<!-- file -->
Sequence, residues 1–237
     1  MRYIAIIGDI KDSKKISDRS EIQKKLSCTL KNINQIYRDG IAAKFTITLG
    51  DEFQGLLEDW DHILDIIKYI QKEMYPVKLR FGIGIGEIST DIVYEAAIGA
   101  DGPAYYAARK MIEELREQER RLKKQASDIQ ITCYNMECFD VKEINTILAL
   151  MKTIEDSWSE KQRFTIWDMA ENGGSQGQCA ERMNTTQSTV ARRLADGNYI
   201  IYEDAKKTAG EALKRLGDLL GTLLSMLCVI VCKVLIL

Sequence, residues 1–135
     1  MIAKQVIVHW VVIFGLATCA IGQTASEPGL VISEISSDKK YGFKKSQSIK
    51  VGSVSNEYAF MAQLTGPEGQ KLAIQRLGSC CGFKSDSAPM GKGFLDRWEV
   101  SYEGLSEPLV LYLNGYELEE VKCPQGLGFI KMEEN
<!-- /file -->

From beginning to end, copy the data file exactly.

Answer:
Sequence, residues 1–237
     1  MRYIAIIGDI KDSKKISDRS EIQKKLSCTL KNINQIYRDG IAAKFTITLG
    51  DEFQGLLEDW DHILDIIKYI QKEMYPVKLR FGIGIGEIST DIVYEAAIGA
   101  DGPAYYAARK MIEELREQER RLKKQASDIQ ITCYNMECFD VKEINTILAL
   151  MKTIEDSWSE KQRFTIWDMA ENGGSQGQCA ERMNTTQSTV ARRLADGNYI
   201  IYEDAKKTAG EALKRLGDLL GTLLSMLCVI VCKVLIL

Sequence, residues 1–135
     1  MIAKQVIVHW VVIFGLATCA IGQTASEPGL VISEISSDKK YGFKKSQSIK
    51  VGSVSNEYAF MAQLTGPEGQ KLAIQRLGSC CGFKSDSAPM GKGFLDRWEV
   101  SYEGLSEPLV LYLNGYELEE VKCPQGLGFI KMEEN